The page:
Say Hello to the “Atlantic Friends Mission”– Baptism, Anyone?
Late last week, the other shoe dropped in the exodus from North Carolina Yearly Meeting-FUM.
Three of the meetings that most loudly demanded a purge of all NCYM meetings they did not approve of, and which then left NCYM when that purge did not happen, have formed the Atlantic Friends Mission.
The meetings are Poplar Ridge, Holly Spring, and South Fork. And one its founding church’s first acts was to offer water baptism to members. (See below.)
As has been chronicled in this blog over the past year, Holly Spring’s pastor, Todd Brown, was the one who insistently demanded at the 2014 NCYM annual session that all Friends and meetings associated with Piedmont Friends Fellowship, a group he disapproved of, should resign from NCYM immediately.
And when “immediately” didn’t happen, he and his cohorts pressed for forced resignations (i.e., expulsions) by one means after another. As a backup, beginning in March 2015, the meetings began frequent informal sessions to lay plans for an exodus of their own, and the formation of a rival “association.”
This process came to a climax of sorts, when two of the three purge-seeking meetings were abruptly “released” (i.e., expelled) by the NCYM Executive Committee in August, for what the committee described as an intolerable conflict of interest between their sitting in decision making sessions for NCYM while deeply engaged in setting up a rival body.
Although the Executive Committee’s expulsions were overturned by the annual session in early September; Poplar Ridge and Holly Spring decided they would not resume their NCYM membership, but go their own way. South Fork Meeting soon followed.
NCYM sources confirmed to me that as of the first week of November, six more monthly meetings have formally notified NCYM that they are leaving NCYM, for a total of nine. Here they are, for the record:
Poplar Ridge; Holly Spring; South Fork; Bethesda; Pine Hill; Plainfield; Prosperity; Trinity; Upriver.
These nine meetings account for 1442 members, or 19 per cent of NCYM’s stated total of 7565 members.
Together their yearly meeting payments, or “Askings,” total $113406, a loss of 19 per cent of the YM’s overall total Askings of $703545. (Membership and “Askings” fgures from NCYM Treasurer’s Reports)
The organizational formalities of the Atlantic Friends Mission (AFM) are still obscure; a query for these details got a No-Comment response. But on October 29, a Facebook page for a joint youth event was renamed the “Atlantic Friends Mission” page.
And in 2015, how many things are more definite indicators of actual “existence” than a Facebook page? (Well, staff, funding and buildings/property, to name three; but the group had pieces of the first two last summer, and no doubt the rest will come.)
The group was spoken of as an association by early October, in weekly bulletins for Holly Spring. And other things were spoken of too:
Baptism, for one. Traditionally, Quakers have not practiced water baptism or communion, seeing these as outward rituals that had been replaced by inward religious experiences. (It is, indeed, prohibited by the Richmond Declaration of Faith, to which the “immediate resignation” advocates claimed to want to impose full adherence on the rest of NCYM.) However, the more strongly evangelical branches have long been attracted to these “ordinances,” and beginning to practice them has usually been a marker for when an group leaves the tradition definitely behind.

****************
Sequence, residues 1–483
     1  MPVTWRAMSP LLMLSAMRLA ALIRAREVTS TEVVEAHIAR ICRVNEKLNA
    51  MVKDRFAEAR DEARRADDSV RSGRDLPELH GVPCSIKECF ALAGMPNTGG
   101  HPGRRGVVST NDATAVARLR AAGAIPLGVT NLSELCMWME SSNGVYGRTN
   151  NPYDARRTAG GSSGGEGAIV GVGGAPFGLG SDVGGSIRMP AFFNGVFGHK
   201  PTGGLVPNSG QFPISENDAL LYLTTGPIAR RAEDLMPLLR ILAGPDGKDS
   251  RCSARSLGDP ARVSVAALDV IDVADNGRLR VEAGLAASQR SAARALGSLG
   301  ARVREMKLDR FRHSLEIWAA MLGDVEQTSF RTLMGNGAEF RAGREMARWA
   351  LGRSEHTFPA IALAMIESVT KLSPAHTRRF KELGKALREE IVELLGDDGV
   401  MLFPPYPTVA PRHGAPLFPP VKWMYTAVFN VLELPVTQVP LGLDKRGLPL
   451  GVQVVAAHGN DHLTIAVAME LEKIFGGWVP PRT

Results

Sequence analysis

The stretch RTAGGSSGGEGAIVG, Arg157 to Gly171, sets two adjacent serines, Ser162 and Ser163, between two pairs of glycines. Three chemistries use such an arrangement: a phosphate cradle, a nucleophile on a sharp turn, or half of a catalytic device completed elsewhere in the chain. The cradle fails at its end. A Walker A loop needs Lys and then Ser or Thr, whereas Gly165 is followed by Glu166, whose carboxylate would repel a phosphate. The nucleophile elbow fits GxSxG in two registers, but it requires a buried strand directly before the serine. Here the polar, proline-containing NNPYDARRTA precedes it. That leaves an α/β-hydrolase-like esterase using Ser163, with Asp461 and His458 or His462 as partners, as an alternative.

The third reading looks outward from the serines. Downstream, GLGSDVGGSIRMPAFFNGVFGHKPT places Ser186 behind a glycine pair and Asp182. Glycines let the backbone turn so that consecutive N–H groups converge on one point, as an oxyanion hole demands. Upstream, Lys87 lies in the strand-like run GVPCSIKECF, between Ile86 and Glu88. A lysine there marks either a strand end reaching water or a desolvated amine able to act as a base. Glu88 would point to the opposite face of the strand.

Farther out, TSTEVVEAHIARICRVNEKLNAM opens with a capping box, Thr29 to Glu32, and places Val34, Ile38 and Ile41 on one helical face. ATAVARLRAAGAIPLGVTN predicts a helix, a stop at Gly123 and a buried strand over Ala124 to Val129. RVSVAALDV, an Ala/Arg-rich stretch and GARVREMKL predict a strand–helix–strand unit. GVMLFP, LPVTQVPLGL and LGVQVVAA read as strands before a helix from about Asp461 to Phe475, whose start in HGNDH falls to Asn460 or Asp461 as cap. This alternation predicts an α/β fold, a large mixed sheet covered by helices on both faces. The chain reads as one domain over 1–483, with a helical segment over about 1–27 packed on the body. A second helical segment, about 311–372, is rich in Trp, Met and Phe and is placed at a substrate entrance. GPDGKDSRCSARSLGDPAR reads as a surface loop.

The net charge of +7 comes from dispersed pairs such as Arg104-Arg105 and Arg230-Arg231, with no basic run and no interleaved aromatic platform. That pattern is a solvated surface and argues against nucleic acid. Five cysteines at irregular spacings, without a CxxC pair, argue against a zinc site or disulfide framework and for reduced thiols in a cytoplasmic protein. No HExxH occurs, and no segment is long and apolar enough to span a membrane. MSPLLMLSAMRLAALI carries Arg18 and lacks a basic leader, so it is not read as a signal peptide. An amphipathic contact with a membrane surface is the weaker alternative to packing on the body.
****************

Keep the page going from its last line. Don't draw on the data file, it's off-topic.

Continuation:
And now it has happened. The “We” in the notice below is Holly Spring Friends, from its October 11 weekly Bulletin:
“Todd” is Holly Spring pastor Todd Brown.
(Optional water baptism was included in the proposed new Faith & Practice drawn up at Poplar Ridge and circulated last spring.)
The AFM is also taking at least two additional steps that are recorded in their own sources: On November 12-14, the three member churches will hold a youth gathering at Poplar Ridge.
The event’s official poster is quite, um, modest in identifying the new sponsor. But with aid, this can be discerned.
The group will be addressed (preached to) by a District Superintendent from the Nazarene Church, a strongly evangelical, holiness-oriented, and pentecostal-influenced denomination.
And on November 16, the three will hold a “Joint Ministry & Counsel” session at Holly Spring. As Ministry and Counsel sessions are typically a kind of executive committee, this suggests that the project is going forward steadily.
One other point that caught my eye. There was much discussion before the summer-fall exodus about the fate of NCYM’s Quaker Lake Camp if, as Poplar Ridge and the others insisted, NCYM was to be broken up. That hasn’t happened; the nine departures were all individual Meeting decisions, maxing it a kind of exodus by attrition. And Quaker Lake has stayed put, under the aegis of NCYM.
But Poplar Ridge, the largest of the three departed groups, has not let this outcome slow down its frequent rustic gatherings. Since summer it has held a “Family Day” gathering, a senior high weekend, and plans a week-long year-end youth assembly — all at Camp Caraway, a Baptist-owned property near Asheboro.
So the Atlantic friends Mission is underway. And on November 7, NCYM will hold its autumn Representative session, the first since the upheavals of the past year seem to have crested.
Among the nine departures are most of the more militant voices which demanded the purge and breakup of NCYM in the name of some kind of doctrinal purity. Could it be that with them, some or (hopefully) most of the urge to purge has gone also? Can NCYM, reduced by 19 percent — a substantial loss, but hardly fatal — begin to move past this turmoil, leave the Atlantic Friends Mission group to follow their leadings, and turn to rebuilding their own community?